The first one is easy, it's just user_students.
The second already happens to an extent - if you look on the course listing while logged in you'll see a "My Courses" category. Eventually this will evolve into MyMoodle.
Sorry, I cannot avoid the joke !
Sorry, again ! Please, ignore this post !
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I was sitting on a train the other day going from Leeds to London with my trusty laptop and I thought
"ahh ha, I shall bring my mysql moodle databases into MS Access as ODBC attachments and use the Access relationship tool to draw some diagrams so I can better understand the relationships between tables"
As you can see I tryly lead a wild, crazy and generally rock'n roll lifestyle. So I get Access to be able to see the tables and I start to try to make the links. Duh, I just don't quite understand the thinking. It seems that the primary key is gnerally called ID and I had problems locating the foreign keys. I was expecting something like
as a primary key pointing to a column in the answers table as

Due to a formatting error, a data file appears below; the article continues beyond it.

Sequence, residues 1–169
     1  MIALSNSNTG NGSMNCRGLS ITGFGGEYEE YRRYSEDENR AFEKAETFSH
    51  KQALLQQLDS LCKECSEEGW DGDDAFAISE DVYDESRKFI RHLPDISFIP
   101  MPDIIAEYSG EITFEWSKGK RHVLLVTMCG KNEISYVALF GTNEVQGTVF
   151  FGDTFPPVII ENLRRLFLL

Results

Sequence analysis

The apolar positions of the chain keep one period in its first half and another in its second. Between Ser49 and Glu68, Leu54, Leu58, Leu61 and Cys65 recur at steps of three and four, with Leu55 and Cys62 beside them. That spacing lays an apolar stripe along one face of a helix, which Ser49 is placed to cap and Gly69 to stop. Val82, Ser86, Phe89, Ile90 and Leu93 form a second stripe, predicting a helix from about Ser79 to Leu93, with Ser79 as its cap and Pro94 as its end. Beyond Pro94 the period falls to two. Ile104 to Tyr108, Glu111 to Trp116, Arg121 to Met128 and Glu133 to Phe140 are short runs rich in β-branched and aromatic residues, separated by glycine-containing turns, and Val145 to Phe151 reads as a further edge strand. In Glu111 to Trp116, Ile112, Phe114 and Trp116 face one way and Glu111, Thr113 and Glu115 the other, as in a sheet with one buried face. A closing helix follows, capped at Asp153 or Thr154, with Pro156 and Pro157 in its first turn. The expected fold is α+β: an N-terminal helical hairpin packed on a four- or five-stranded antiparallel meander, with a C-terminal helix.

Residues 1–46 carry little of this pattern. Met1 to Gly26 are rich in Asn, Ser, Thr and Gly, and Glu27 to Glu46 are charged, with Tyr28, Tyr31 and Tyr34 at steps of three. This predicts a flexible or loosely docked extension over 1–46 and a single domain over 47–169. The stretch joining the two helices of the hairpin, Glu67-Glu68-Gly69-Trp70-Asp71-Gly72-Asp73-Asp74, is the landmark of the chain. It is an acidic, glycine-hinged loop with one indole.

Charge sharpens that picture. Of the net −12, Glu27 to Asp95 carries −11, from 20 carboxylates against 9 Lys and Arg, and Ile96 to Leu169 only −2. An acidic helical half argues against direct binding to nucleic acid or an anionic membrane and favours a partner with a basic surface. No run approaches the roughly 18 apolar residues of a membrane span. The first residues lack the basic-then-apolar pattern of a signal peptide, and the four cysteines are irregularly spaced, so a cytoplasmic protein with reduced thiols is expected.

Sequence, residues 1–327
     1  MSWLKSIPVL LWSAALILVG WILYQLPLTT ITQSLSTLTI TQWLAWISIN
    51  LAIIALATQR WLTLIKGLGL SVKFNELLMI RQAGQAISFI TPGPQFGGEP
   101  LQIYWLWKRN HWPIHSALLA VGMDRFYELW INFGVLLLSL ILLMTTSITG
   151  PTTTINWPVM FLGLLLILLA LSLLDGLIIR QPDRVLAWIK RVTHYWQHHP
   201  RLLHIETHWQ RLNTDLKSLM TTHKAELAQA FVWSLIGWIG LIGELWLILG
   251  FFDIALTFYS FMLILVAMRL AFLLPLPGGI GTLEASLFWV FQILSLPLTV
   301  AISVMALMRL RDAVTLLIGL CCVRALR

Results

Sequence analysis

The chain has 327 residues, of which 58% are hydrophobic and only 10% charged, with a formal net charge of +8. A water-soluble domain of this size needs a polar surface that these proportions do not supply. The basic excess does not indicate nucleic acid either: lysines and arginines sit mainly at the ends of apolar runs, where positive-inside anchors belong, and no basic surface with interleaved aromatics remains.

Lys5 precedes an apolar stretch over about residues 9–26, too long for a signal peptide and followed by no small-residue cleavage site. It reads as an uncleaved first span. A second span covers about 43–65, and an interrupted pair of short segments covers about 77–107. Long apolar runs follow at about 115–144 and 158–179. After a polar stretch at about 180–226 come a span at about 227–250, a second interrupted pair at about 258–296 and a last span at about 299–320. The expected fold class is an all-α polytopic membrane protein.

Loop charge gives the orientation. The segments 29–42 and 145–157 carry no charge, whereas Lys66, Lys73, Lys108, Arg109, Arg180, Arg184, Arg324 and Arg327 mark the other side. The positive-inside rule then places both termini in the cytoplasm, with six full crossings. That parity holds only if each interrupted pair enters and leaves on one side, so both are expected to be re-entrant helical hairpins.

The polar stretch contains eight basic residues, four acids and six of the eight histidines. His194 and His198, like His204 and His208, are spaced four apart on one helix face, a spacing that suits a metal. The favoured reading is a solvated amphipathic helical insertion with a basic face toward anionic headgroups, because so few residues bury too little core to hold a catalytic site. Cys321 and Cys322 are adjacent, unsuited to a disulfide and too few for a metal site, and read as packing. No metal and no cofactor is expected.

where answers.questionid was the matching foreign key.
This is the kind of naming approach I am used to and it has a hint of self documentation about it.
Am I missing something, did I mis interpret something, is there a general naming convention or am I barking up an incorrect spruce.
I like to refer to $question->id rather than $question->questionid. Similarly $module->course worked better for me than $module->courseid at the time, though probably if I was doing it again I might do this differently.
So, yes, almost every table has a unique "id" field, and foreign tables reference that field using the plain name of the table, usually.
An exception is userid, which had to be changed from "user" because it's a reserved word in non-MySQL databases. That was enough of a pain to change at the time - so I'm not anticipating any more changes for a while.